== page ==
BRITISH STEEL’S TEESSIDE BEAM MILL IS MARKING ITS 60TH ANNIVERSARY BY BUILDING FOR THE FUTURE
in the Catterick By-Pass A1 upgrade scheme. And, from that day on, TBM has continued to supply high quality sections to major projects, high rise buildings and bridges. Projects include those a little closer to home such as Heathrow’s Terminal 5, to those further afield like the Petronas Towers in Kuala Lumpur.
The mill, which manufactures large steel sections for the construction industry, has helped transform the world’s skyline by providing steel for scores of iconic buildings - from The Shard in London to the new World Trade Centre in New York.
Its 400 employees at Lackenby are proud to be maintaining Teesside’s global reputation for manufacturing excellence by continuing to supply steel across the globe.
And this month they’ve been joined on a permanent basis by 11 new colleagues who’ve completed manufacturing apprenticeships with British Steel and Middlesbrough College.
Teesside Beam Mill’s (TBM’s) Plant Manager, Andy Williams, is also its longest serving employee, having joined the Business as a Technical Apprentice in 1976 and first worked at the mill in 1984 in the Technical function.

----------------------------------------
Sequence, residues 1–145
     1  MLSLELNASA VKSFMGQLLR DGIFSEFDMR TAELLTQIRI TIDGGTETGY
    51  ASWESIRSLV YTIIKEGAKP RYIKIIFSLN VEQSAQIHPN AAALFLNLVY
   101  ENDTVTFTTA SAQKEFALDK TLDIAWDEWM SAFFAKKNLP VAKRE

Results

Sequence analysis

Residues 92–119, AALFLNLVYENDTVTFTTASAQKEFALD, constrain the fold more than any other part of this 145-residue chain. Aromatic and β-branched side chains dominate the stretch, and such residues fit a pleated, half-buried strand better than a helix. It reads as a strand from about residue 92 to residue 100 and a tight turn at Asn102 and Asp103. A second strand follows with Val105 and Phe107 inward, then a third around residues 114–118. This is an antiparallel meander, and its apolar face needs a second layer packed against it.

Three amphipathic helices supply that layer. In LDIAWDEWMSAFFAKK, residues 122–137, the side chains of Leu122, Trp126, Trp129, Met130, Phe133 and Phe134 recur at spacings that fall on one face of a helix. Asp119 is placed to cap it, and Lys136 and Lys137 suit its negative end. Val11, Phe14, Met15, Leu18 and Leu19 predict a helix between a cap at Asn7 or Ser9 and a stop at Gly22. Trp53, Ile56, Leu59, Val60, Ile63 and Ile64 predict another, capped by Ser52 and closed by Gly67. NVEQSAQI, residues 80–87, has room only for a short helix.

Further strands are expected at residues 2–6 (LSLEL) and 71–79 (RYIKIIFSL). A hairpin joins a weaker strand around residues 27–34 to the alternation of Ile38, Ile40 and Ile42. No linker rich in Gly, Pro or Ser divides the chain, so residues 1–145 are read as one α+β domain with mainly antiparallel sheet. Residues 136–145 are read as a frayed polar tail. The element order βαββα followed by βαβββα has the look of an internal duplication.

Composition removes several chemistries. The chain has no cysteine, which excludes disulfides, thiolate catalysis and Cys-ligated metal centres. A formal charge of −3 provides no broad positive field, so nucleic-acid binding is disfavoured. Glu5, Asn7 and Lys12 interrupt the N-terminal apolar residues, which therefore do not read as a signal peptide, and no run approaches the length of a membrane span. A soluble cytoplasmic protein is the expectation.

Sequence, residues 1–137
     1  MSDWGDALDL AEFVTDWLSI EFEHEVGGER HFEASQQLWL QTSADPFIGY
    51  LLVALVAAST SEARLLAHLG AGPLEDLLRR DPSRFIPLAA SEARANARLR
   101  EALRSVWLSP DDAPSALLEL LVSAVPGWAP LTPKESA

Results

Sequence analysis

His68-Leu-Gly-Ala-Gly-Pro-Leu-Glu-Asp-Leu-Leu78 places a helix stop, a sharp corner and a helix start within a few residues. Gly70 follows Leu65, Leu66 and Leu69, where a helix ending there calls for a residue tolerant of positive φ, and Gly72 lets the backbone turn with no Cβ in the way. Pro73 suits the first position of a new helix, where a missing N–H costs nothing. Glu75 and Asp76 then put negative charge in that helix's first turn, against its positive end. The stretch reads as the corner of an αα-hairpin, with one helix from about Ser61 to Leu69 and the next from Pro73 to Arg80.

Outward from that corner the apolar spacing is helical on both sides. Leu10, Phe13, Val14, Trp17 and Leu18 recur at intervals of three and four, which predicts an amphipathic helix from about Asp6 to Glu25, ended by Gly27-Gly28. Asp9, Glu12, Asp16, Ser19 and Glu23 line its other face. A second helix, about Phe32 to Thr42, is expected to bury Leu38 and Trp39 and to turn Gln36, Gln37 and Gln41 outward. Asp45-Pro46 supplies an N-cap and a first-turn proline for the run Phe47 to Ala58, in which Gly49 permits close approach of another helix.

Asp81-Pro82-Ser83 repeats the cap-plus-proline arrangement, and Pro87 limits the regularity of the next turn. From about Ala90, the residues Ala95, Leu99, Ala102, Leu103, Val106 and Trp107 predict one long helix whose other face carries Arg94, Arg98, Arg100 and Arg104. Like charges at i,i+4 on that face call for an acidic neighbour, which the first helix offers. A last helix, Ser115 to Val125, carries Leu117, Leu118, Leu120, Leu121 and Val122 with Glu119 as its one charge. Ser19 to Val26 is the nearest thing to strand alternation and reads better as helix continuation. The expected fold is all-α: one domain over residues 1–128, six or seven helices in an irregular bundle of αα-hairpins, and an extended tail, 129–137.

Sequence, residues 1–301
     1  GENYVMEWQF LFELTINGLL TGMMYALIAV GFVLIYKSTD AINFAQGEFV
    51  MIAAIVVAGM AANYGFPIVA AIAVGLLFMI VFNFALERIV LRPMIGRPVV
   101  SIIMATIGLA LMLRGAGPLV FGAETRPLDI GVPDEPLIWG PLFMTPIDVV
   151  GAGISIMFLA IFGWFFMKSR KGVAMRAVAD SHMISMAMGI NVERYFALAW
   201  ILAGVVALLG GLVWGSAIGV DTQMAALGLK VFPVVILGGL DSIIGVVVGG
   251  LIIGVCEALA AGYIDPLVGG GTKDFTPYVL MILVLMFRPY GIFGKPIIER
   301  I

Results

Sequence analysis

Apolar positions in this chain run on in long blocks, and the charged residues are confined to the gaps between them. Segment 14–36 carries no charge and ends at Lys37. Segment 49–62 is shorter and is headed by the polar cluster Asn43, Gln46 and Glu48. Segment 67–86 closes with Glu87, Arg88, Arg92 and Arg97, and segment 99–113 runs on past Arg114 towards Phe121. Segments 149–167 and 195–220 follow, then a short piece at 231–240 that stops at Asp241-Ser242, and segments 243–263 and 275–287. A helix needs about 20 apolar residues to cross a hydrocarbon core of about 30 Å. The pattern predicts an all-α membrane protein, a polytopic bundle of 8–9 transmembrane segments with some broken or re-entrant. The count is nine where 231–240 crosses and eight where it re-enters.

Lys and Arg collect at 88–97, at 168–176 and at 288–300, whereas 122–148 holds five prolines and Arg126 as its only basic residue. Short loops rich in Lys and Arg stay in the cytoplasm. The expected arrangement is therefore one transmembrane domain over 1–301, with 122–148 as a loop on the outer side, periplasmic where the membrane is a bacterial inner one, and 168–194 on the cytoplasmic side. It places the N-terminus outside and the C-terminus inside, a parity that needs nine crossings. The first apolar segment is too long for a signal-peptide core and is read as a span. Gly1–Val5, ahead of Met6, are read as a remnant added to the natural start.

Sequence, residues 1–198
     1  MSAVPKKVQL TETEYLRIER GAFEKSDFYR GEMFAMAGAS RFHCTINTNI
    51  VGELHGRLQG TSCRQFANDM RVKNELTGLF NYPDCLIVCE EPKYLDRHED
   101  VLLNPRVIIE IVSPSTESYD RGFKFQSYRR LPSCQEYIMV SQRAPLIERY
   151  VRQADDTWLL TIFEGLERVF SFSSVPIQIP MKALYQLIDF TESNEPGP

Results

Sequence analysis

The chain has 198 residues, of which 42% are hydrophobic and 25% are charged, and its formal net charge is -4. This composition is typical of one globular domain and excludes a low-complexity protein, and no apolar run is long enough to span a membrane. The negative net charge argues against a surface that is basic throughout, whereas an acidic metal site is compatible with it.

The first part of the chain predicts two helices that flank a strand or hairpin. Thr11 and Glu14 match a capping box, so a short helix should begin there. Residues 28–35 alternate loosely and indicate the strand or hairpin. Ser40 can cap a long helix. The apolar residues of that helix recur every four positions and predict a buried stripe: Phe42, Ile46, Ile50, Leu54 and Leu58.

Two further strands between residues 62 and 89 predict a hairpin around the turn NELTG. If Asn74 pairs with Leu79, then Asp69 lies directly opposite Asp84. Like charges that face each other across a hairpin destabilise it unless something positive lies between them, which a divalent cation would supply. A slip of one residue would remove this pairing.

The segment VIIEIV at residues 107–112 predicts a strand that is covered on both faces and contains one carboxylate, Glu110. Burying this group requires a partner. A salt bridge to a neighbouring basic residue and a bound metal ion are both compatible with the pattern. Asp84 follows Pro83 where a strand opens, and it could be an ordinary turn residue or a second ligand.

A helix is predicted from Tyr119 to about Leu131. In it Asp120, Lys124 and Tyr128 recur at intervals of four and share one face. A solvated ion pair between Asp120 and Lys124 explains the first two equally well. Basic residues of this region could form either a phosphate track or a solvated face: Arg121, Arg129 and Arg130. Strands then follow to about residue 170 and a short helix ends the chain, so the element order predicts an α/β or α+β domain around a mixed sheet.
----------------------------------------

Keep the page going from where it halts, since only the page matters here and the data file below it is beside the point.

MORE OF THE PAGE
Andy said: “It’s great to celebrate our 60th anniversary by welcoming 11 new people into the business. They’ve all got fantastic career prospects and I’ve every confidence they’ll build bright futures for themselves, their colleagues and British Steel.”
One of the new employees, Shane Ankers, said: “I really enjoyed my apprenticeship and it’s fantastic to have joined British Steel on a permanent basis. I’m excited about what the future holds for myself and the business.”
Andy said the new employees are joining a business which is proud to fly the flag for Teesside and its rich iron and steelmaking heritage.
He said: “While our heritage is a source of great pride among our employees – past and present, our eyes are firmly focussed on the future.
“The skill and dedication shown by generations of Teesside steelworkers helped put this area on the map. Businesses across the world knew that if they were getting steel made in this area they were getting the best steel money could buy and that’s still the case today.